“Their leader wears golden armor,” said Nestor, his voice hoarse and rough. “He calls himself King Jordain.”

Like the dissident that Hektor had joked about before. The one that the Leth had ordered to his death.

“That’s folly!” objected the prince. “Jordain died bravely, attempting to fulfill his duty. There were dozens of witnesses.”

“All of whom were Leth that were there to ensure that he died even more brutally if he disobeyed,” commented Bordis dryly.

“This man fought like a true noble!” argued Nestor. “I’ve faced more than my share of bandits, mercenaries, and soldiers of Altabi. He was better than any of them. I’m old but I’m not yet daft, boy!”

Hektor snorted disdainfully.

“Did it ever occur to you that bandits might seem a lot faster to you now than they were forty years ago?”

Nestor was on his feet in a second.

“You want to find out if I’m still quick, you snot-nosed pup?”

“Enough!” shouted Bordis and I simultaneously, drowning out the prince’s cocky reply.

A bit abashed, I nodded apologetically to the other king—silently acknowledging that it was he who ruled at this table, and he who would discipline its occupants.

“Nestor, sit down! You will not attack a guest within my hall,” he bellowed. Hektor snickered and the king fixed him with a piercing stare. “No matter how lacking the fool is in manners.”

The prince sneered, but thankfully had the good sense to keep his mouth shut for once.

Bordis tossed back the last of his wine.

“I think we have told you all that you need to know,” the king stated firmly. “Rooms have been prepared for you, and you are welcome to stay the night. We expect you to be gone by morning; it would not do to dally in your obligation.”

In a swish of robes the monarch rose to his feet.

“I shall retire now to my chambers,” he gave his cousin a pointed look. “Nestor, you will attend me. We have more to speak of.”

He marched swiftly from the room. Nestor followed at his heels, suddenly looking a bit sheepish.

The remainder of Clou’s court discussed this scene softly under their breaths, then slowly drifted away to gossip about it elsewhere. The final drunken uncle, a man who was a hundred if he was a day, had to be hauled away from the table by the armpit.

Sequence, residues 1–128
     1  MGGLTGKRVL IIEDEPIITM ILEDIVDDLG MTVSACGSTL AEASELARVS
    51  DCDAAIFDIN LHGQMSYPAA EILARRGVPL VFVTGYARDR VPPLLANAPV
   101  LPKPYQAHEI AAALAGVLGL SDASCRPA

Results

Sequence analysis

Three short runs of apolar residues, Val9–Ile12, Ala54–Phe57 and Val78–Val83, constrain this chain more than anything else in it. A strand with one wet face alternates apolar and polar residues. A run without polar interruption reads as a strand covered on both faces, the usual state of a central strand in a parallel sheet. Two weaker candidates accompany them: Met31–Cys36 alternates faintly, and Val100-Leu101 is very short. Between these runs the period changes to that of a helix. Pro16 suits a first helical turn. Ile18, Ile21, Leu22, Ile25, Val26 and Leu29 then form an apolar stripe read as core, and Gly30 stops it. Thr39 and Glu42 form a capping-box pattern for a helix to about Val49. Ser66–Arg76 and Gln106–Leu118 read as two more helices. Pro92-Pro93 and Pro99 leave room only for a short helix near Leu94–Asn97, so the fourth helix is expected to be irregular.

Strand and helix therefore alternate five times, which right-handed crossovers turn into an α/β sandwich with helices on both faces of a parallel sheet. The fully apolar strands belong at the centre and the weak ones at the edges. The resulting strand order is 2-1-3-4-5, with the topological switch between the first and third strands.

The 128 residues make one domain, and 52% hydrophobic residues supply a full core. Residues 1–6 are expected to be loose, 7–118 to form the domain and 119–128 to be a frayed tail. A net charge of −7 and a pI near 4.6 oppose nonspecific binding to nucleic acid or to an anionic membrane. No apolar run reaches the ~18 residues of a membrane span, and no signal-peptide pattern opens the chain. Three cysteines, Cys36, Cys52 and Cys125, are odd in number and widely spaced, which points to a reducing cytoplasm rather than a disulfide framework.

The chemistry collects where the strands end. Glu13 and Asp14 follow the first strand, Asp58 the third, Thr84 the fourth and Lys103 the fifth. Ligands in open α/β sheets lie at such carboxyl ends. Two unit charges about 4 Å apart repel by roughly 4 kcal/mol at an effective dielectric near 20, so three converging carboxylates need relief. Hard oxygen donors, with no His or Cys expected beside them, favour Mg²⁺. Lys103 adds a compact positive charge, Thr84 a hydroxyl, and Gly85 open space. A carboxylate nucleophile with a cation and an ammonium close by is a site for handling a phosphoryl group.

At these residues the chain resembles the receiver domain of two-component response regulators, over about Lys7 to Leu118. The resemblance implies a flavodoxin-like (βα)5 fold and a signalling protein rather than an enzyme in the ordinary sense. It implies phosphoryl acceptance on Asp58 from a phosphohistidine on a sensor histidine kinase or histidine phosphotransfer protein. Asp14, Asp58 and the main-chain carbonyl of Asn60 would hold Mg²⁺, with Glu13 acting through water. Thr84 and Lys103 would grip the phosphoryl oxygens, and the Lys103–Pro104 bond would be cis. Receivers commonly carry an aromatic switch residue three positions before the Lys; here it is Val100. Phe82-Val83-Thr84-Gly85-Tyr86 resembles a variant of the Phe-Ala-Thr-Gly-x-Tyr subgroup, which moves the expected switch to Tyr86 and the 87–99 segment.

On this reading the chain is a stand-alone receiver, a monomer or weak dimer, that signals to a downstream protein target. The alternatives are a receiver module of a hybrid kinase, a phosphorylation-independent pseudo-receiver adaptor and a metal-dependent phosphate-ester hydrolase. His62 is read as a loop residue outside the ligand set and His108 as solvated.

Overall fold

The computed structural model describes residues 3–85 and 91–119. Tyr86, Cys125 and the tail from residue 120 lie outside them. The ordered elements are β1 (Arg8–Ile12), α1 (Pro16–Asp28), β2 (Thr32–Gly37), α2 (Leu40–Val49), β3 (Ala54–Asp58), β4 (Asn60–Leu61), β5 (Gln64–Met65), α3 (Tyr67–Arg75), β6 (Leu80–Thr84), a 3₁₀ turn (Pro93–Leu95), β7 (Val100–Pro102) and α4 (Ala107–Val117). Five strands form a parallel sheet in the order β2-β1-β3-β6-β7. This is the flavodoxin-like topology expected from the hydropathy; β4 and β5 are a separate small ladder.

“Bordy should have let Nestor give that city brat what’s for!” he shouted testily as they dragged him out the door. 

Hektor watched him go with a frown, then rose to leave himself.

“I think I’ve drunk enough wine,” he said.

“I think you’d drunk enough wine about three hours ago,” replied Shara, looking at him sourly. The prince merely shrugged in response and stalked off to bed.

“I really don’t understand him,” she continued once he was gone, sounding a bit slurred herself. “Just when I begin to think he’s elegant and charming, he goes and makes an ass out himself like this.”

There was no one at the table now but us and a few of the servants. They hovered nearby pretending to be invisible, waiting for a command to top off our glasses, and possibly making sure we didn’t steal any of the silverware.

I did not want to remain at the banquet table overly long, lest we gain a reputation for greedily consuming our host’s wine after insulting him, but I could not pass up a chance to actually speak to Shara alone. Especially when she was pissed at Hektor.

“Perhaps he was trying to impress you with his boldness,” I said without thinking, immediately annoyed that it sounded as if I were defending him.

“Do you believe that honestly?” she asked, suddenly earnest. “I mean… I know you were joking, of course, but do you really think he’d care enough to try and impress me?”

The raw and desperate hope in her voice tore me apart. I’d rather turn her attentions towards me than iron things out between them. Still, it seemed best to try and win her over gradually.

“I find it hard to tell,” I said slowly, falling back on truths I could admit to. “I’ve only just met him, and know nothing of his private life. He seems to sincerely enjoy your company. But then, how could he not, stunningly beautiful woman that you are?”

“Oh, Brandon,” she sighed, leaning out of her chair to give me a hug. I was intensely aware of her body where it pressed against mine. “You’re such a flatterer. You always know what to say to cheer me up.”

“Glad I could help,” I told her. “It pains me to see you sad.”

I felt a shudder pass through her, despite the warmth of the hall.

“I’m sure I’ll be fine. I just feel so anxious with being chosen for this mission and all.”

She released me and sat up straight, gesturing towards the doorway, and presumably Hektor’s bedchambers beyond it.

“And this I never expected,” she said, flustered. “It complicates things… unnecessarily.”

I did my best to nod sympathetically.

“I know it’s easier to say than to do,” I told her. “But just try to focus on the task at hand. We can’t risk you being distracted and ending up with someone hurt as a result.”

That was good advice.  I hoped I could heed it myself.

“The Leth’s chosen have rarely failed in a mission they were expected to accomplish, and I’m sure we’ll be no different,” I reassured her. “Hektor will still be around once we’ve dealt with these bandits.”